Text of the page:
Statement on Richard Carrier’s voluntary departure from our network

The FtB Ethics Committee has released an official statement on the departure of Richard Carrier from our network.

Freethought Blogs unequivocally condemns any behavior that threatens the safety of atheist community members, including particularly marginalized groups. Freethought Blogs also recognizes the role of sexual harassment as one of numerous barriers for women that limits access to and participation within atheist conferences and spaces.

When the recent allegations against Richard Carrier were made public, Freethought Blogs initiated a process to investigate these claims and formalize its policy concerning the conduct of its members. The FtB Ethics Committee received several reports of Carrier’s behavior and was in the process of reviewing them when Carrier chose to leave the network. A thorough review of the allegations against Carrier cannot be completed by Freethought Blogs without his cooperation.

As part of our commitment to equitable access to freethinking spaces for all, Freethought Blogs members who violate our commitment to social justice by creating or maintaining barriers to participation will be removed from the network as a matter of policy. All reports submitted to us in furtherance of this policy will be kept in the strictest of confidence, unless the accusation was made publicly or in the event we have express permission to reproduce the complaint.

-The FtB Ethics Committee

What better way to celebrate our toxic orange presidential candidate?



Burger King, the restaurant chain backed by 3G Capital and Warren Buffett, will begin selling deep-fried sticks of macaroni and cheese encrusted in Cheetos-flavored breading, part of a trend toward blending fast food with well-known snack brands.

Cheesy, commercial, and artificially colored — it should be the official snack food of the Republican party.

I’d make one addition. It should be sold with little cups of vividly yellow Velveeta cheese goo, so you could dip it and put a little swirl of mysterious fulvous color on top.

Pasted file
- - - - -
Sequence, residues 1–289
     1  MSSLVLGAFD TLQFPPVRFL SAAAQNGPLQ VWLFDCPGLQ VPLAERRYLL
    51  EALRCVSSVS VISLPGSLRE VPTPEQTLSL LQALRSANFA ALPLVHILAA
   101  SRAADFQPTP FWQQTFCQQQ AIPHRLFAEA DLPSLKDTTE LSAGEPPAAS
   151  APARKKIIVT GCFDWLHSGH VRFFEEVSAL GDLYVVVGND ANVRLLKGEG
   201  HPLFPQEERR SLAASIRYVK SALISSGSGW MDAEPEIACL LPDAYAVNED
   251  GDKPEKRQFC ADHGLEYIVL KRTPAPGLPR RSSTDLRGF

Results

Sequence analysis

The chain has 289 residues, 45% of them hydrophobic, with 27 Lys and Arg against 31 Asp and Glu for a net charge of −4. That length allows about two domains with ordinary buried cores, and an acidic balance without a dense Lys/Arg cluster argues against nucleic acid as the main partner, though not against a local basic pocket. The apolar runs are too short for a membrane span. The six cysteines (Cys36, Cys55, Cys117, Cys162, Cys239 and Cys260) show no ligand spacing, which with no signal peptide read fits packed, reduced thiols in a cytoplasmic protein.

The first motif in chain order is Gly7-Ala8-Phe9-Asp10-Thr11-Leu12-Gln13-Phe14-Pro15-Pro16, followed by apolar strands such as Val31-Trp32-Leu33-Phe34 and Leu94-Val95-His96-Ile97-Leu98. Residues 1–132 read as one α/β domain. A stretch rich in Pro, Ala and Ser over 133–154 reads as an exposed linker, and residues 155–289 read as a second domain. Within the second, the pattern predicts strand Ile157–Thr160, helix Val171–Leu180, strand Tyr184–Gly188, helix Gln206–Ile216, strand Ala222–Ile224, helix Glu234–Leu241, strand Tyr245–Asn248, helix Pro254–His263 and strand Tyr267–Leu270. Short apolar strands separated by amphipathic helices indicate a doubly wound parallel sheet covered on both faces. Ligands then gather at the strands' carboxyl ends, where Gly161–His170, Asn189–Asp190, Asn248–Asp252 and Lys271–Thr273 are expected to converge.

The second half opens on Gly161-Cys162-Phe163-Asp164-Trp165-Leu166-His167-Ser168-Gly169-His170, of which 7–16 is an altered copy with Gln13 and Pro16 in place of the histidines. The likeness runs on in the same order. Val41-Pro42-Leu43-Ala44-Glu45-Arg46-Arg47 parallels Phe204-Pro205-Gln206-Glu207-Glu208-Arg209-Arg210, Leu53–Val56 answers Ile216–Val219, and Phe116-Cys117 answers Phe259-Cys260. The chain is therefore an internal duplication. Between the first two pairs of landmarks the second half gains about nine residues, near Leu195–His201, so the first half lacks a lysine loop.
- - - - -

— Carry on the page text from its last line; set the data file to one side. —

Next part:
#CVG2016…next week!

CVG Crescent Logo Purple - RGB transp bkgd

I need this: a relaxing weekend in the company of nerds at Convergence. I’ll be on four panels, talking science:

Th 12:30pm The Reproducibility Problem: How Serious is it?
Th 2:00pm What Does God Need With a Starship?
Th 3:30pm Twin Connection: Myth, Science and Confirmation Bias
Fr 2:00pm Our Place in Space

I’ll be attending lots more, sittin’ back, enjoying the conversation. And I’m easily drawn into discussions, so feel free to talk to me. I’ll also be cruising the party rooms, and stopping in now and then for the science demos and crafts at SkepchickCon.

You might also be able to hit me up for badge ribbons (I’m getting a little nervous that they haven’t arrived yet) — I’ll have one for Freethinkers and another for you Pharyngula readers. See you all there!

Richard Carrier’s blog

One of our writers, Richard Carrier, has been banned from Skepticon for “his repeated boundary-pushing behavior”. This is, obviously, a serious accusation, and we’ve been investigating further. We now have several first-hand reports of persistent, obnoxious sexual behavior in defiance of specific requests that he cease. We believe his accusers.

Here at Freethoughtblogs, we are sex-positive, but we are also committed to the principle of consensual sexual behavior. We go further, and beyond demanding that there always be consent, we also insist on respect for your partners. No means no, not just because it’s held as a dogmatic rule, but because it reflects a sincere appreciation of the autonomy of other people. We cannot tolerate violations of this essential principle.

While Dr Carrier has been a valued contributor to this network, we have to demand support of that principle in actions as well as words. After a review of the evidence so far, Richard Carrier’s posting privileges have been suspended, pending further evaluation, and all comments on his blog have been closed.